In an article published in the Insider in 2016 the following statistics were offered: “The US Department of Health and Human Services “estimates that American children spend a whopping seven hours a day in front of electronic media, and other statistics say that kids as young as two years old are regularly playing iPad games and have playroom toys that involve touch screens.”[6] While I am not here to debate the good and bad practices of the multi-media mega-technology complex, parenting styles, or even the educational system, I just know that my childhood was more innocent and I got to experience lots of stuff, like eating dirt from the sand box, or swinging upside down from a jungle gym. It was just another time.

I am not even going to address how as adults we are slaves to the time piece. We hurry from place to place. We take extra work home or we inhale our food. All of which things I am guilty of. Those same Christian writers could very well suggest that the fast pace of the business and working world of the twenty-first century is another form of idolatry.[7] Or the fact that most of the proposed Federal budget is designated for defense spending while cuts are made to those who are in most need of those scarce funds.

The act of idol worship is about putting everything and anything before God. That is what Paul is upset about. He understands culture so he finds it curious that there is an altar to an “unknown god.” Maybe the Athenians did know about our God, the God of the Abraham, Jacob, and Isaac.

Because of this knowledge, Paul preaches on the resurrected Christ and the God who cares for his people. He reminds the Athenians that they can put their trust in this God. There is no need for multiple gods. One God—that’s it.

Paul introduces the Athenians to the concept of radical exclusivity. This is a God that we don’t want to push away and this is a God that will allow you to sleep at night.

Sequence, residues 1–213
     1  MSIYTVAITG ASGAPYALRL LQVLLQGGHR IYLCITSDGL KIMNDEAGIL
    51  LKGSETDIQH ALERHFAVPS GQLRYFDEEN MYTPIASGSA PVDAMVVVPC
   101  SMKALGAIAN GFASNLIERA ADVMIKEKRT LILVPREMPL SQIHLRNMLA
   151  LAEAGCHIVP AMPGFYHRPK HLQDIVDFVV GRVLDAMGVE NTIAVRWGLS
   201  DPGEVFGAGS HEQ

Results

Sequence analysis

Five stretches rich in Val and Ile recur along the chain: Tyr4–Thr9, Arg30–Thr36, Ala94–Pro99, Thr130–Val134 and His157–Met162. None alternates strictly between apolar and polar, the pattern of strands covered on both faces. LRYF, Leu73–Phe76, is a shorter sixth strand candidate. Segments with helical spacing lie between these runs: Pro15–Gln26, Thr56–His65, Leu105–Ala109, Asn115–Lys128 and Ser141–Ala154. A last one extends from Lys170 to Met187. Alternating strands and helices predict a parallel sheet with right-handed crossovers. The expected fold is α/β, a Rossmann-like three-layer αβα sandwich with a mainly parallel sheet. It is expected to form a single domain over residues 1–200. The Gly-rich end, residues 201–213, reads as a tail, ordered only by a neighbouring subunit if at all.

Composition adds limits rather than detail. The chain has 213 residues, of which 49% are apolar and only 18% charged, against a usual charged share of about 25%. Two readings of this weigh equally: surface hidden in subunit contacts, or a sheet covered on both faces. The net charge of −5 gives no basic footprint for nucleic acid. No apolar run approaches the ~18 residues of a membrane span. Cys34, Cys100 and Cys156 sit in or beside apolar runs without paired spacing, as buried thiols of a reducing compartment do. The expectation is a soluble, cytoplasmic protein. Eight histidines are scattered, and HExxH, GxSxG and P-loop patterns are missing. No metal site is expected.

I came across this story that I think illustrates the point that Paul is making.

A farmer owned land along the Atlantic seacoast and had    difficulty hiring help because the help dreaded the hurricanes that came through wreaking havoc on the buildings and crops. Finally, a short, thin man, well past middle age, approached the farmer.

“Are you a good farm hand?” the farmer asked him.
“Well, I can sleep when the wind blows,” answered the little man.
Although puzzled by this answer, the farmer, desperate for help, hired him. The man worked well around the farm, busy from dawn to dusk, and the farmer felt satisfied with the man’s work.
Then one night the wind howled loudly in from offshore. Jumping out of bed, the farmer grabbed a lantern and rushed next door to the hired hand’s sleeping quarters. He shook the man and yelled,

“Get up! A storm is coming! Tie things down before they blow away!”

The man rolled over in bed and said firmly,

“No sir. I told you, I can sleep when the wind blows.”

The farmer hurried outside to prepare the property for the storm. To his amazement, he discovered that all of the haystacks had been covered with tarps.

The cows were in the barn, the chickens were in the coops, and the doors were barred. The shutters were tightly secured. Everything was tied down. Nothing could blow away. In that moment the farmer then understood what his hired hand meant, and he returned to bed to also sleep while the wind blew.


Paul tells the people of Athens that only one God can help you weather the storms of life. Not this or that God. Only one God, and that God is my God, the God that lives in us and we in him. We might make the same prophetic statement today. Our focus in the twenty-first century is so scattered and distracted, and we are bombarded by so many external demands which takes our focus off Him, our God. Life today is difficult and it is easy to put God on the back burner with intellectualizing statements and book knowledge.


Our God is a God who wants to be alive in us.

Our God wants to awaken our desire for Him.

Our God promises to protect and care for us.

This is another Easter message.


So what to do? Use the acronym FROG:  F-R-O-G. Fully Rely On God so that you can sleep securely weathering the storms of life.


[1]           Ed Stetzer, “Idolatry Is Alive Today: Why Modern Church Leaders Still Fight An Old Battle,” Christianity Today, October 8, 2014, accessed May 18, 2017,

[2]           Liraz Margalit, “Tykes And Tablets: Is Too Much Screen Tim Damaging Your Child’s Brain?,” Insider, March 3, 2016, accessed May 18, 2017, Insider

[3]           Ibid.

[4]           Ibid.

[5]            Patrick Mabilog, “Putting God First: 5 Modern-Day Idols We’re In Danger Of Letting Take Over Our Lives,” Life, May 23, 2016,

[6]           Margalit, Ibid.

[7]            Mabilog, Ibid.